Scientific Hypotheses and Huawei’s Business Vision for the Future
On Day 1 of Global Huawei Analyst Summit 2022, Dr. Zhou Hong, President of the Institute of Strategic Research at Huawei delivered a keynote speech exploring cutting-edge scientific hypotheses, Huawei’s business vision, and ten challenges that we need to address to unlock the intelligent world. Below is the full transcript of his speech.
Today, I’d like to share some of our scientific hypotheses and Huawei’s business vision for the future.
The 18th century was the era of mechanization. The 19th century was the era of electrification. And the 20th century was the era of informatization.
What will the 21st century be?
I think the 21st century will be the era of intelligence. At the heart of an intelligent world is sensing, connectivity, and computing, which will advance our ability to understand and control matter, phenomena, life, and energy.
There will be many challenges on our way to an intelligent world. If we want to live happier lives, improve efficiency, and make the world a greener place, we’re going to need to enhance sensing, connectivity, and computing by several orders of magnitude. But at the same time, we haven’t seen any major breakthroughs in underlying science and technology for the past few decades, and many technologies have pretty much reached a bottleneck.
So how can we find a viable path forward?
We have to meet the future with bold hypotheses and a bold vision, and throw caution to the wind as we push to break through bottlenecks in theory and technology. This is the only way forward.
Digital technology will enrich life and work
Over the past decade, with the rapid development of broadband communications, smart devices, AI, and cloud computing, digital technology has greatly enriched our lives.
Thanks to digital technology, we can make phone calls, surf the Internet, send instant messages, find our way around using the maps on our phones, use e-banking services, and shop online. ICT has become an increasingly integral part of our lives. In addition to the application of ICT in daily life, Huawei has also spent the past decade working with partners to explore the use of ICT in many industries.
For example, we worked with carmakers and telecom carriers to conduct trials on highways. When something unexpected happens on the road, it usually takes human drivers seconds to react. However, with high-performance vehicle-to-vehicle and vehicle-to-network connectivity with a latency of just 10 milliseconds, the time it takes to identify and respond to unexpected events could be shortened by more than a hundred times.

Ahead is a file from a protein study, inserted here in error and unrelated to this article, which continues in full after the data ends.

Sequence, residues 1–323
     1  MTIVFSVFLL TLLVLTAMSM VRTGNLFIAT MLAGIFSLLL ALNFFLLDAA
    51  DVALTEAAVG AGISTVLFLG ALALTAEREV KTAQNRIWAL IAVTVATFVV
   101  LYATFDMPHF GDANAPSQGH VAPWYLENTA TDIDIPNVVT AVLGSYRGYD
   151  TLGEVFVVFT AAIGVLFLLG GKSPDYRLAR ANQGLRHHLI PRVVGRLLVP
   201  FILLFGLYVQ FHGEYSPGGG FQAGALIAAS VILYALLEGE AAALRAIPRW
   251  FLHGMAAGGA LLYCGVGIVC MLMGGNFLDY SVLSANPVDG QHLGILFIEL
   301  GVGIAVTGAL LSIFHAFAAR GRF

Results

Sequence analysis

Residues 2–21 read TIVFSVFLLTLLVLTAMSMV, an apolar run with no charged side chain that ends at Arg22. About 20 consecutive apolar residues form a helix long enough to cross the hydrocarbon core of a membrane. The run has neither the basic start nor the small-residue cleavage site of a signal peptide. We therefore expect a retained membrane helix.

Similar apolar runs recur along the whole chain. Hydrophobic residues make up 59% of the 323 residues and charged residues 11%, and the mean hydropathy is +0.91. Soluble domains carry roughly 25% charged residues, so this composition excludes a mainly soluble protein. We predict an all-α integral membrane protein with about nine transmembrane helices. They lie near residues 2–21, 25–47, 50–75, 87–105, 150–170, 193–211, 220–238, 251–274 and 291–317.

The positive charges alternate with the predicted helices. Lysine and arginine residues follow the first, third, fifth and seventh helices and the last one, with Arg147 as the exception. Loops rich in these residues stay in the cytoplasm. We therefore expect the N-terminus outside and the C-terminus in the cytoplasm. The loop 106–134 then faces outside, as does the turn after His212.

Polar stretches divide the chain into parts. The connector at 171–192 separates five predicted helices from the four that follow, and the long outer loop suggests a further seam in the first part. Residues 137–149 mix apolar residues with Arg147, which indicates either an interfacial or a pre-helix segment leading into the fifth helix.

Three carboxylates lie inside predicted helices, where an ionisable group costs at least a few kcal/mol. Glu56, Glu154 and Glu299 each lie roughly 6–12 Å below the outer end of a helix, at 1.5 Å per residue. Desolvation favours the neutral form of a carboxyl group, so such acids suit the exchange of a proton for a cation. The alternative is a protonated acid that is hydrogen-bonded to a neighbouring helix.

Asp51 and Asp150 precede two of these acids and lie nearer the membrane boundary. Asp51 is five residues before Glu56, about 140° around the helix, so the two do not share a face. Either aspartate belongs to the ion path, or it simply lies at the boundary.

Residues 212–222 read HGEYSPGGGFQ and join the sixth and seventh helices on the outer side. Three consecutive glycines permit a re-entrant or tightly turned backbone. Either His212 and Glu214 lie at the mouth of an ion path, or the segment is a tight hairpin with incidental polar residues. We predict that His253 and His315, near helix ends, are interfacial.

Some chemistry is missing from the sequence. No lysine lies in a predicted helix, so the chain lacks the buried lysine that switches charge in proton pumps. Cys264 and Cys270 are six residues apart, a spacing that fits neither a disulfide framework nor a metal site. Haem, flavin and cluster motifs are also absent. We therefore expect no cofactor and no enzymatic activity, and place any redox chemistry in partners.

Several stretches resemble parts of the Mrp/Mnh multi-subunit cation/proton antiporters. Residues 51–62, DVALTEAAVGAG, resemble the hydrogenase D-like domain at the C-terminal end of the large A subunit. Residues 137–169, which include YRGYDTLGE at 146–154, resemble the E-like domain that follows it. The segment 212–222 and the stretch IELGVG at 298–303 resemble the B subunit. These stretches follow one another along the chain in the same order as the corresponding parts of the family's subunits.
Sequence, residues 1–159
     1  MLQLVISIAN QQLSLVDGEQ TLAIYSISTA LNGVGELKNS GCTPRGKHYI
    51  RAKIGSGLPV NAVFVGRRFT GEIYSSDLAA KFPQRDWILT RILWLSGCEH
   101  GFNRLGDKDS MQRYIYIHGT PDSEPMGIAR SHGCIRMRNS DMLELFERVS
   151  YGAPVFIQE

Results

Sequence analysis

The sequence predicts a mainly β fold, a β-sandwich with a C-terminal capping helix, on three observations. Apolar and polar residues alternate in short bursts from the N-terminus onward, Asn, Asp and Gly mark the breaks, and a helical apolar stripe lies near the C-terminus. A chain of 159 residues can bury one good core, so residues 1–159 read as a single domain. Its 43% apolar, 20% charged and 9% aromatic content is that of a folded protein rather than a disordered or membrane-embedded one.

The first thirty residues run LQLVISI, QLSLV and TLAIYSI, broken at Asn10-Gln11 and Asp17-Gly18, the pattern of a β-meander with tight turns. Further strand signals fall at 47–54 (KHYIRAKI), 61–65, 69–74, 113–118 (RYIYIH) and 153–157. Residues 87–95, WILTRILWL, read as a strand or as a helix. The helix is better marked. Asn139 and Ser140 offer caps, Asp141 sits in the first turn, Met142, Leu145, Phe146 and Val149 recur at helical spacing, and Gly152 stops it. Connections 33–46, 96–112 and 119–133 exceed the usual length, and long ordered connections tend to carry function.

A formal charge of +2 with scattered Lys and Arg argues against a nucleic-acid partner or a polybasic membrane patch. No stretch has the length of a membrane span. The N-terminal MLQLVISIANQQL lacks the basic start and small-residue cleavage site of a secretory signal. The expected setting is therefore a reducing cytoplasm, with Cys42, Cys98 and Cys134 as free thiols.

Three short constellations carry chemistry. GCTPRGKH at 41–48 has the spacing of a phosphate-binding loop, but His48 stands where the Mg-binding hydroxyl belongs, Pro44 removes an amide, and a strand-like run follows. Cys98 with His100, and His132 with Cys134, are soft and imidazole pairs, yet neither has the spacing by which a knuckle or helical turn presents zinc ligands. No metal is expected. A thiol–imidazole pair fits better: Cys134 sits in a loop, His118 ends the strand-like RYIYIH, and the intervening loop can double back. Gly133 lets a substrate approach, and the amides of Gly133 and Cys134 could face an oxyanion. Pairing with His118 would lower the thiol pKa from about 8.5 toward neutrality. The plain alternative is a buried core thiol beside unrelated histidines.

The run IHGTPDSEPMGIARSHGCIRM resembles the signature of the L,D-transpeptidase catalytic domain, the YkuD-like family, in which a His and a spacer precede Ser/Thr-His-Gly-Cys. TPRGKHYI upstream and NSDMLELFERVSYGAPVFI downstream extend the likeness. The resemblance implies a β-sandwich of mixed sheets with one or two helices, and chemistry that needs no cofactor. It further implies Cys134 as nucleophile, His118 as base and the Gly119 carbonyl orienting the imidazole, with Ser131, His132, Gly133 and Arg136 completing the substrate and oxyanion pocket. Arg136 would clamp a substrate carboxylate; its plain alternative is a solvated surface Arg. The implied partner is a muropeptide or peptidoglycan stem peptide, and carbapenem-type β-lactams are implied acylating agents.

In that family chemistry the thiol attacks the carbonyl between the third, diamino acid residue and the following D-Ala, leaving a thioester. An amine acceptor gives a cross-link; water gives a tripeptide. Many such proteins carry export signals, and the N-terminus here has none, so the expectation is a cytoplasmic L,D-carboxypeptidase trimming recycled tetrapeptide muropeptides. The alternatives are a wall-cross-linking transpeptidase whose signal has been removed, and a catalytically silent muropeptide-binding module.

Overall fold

In addition, the distance between cars on the road could be reduced from tens of meters or a hundred meters, which is the distance required to stay safe in manual driving, to 0.8 meters, with the cars moving at speeds of up to 100 km/h. This will greatly increase the capacity and safety of highways.
Moreover, this can support platooning, which helps reduce wind resistance, resulting in a 20% cut in fuel consumption. The Internet of Vehicles (IoV) can also support remote driving and enable new operating and service models.
We have also conducted trials in urban settings, and found that the IoV-based Beyond Line-of-Sight (BLOS) communications and cooperative vehicle-infrastructure system are capable of increasing traffic efficiency by 30% and reducing traffic accidents by 90%.
Today, ICT is being applied in factories, hospitals, ports, and coal mines, empowering digital and intelligent transformation of various industries.
A future of unlimited potential
In the future, we believe the potential of ICT can be realized in many more areas.
For example, ICT can help promote health and happiness. Wearable sensors, wireless communications, and cloud computing can support fitness and healthcare, as well as the management of chronic diseases. In addition, AI computing can increase the design and screening efficiency of medicines and vaccines.
ICT also enables autonomous and intelligent robots in a wide range of fields. These applications can improve quality of life, as well as the operating efficiency of industries.
ICT can also help build a green, sustainable environment. For example, it can enable efficient energy conversion and scheduling, and assist in designing energy conversion catalysts and energy storage materials at lower cost and higher efficiency.
Last but not least, ICT can enable a hybrid digital world with immersive experiences, enriching our lives, improving the efficiency of learning, and empowering industries to quickly iterate in the digital world.
Much more than “100x growth every 10 years”
Global digitalization is growing at an exponential rate, driven by intense demand.
Globally, mobile broadband data consumption increased from 0.24 exabytes per month in 2010 to 60 exabytes per month in 2020, a 250-fold increase in 10 years.
Mobile broadband data in China grew from 0.033 exabytes per month in 2010 to 13 exabytes per month in 2020, a more than 400-fold increase. In the future, we believe that digital technology will develop at a rate of over a hundredfold per decade. Digitalization will accelerate the development of humanity and society.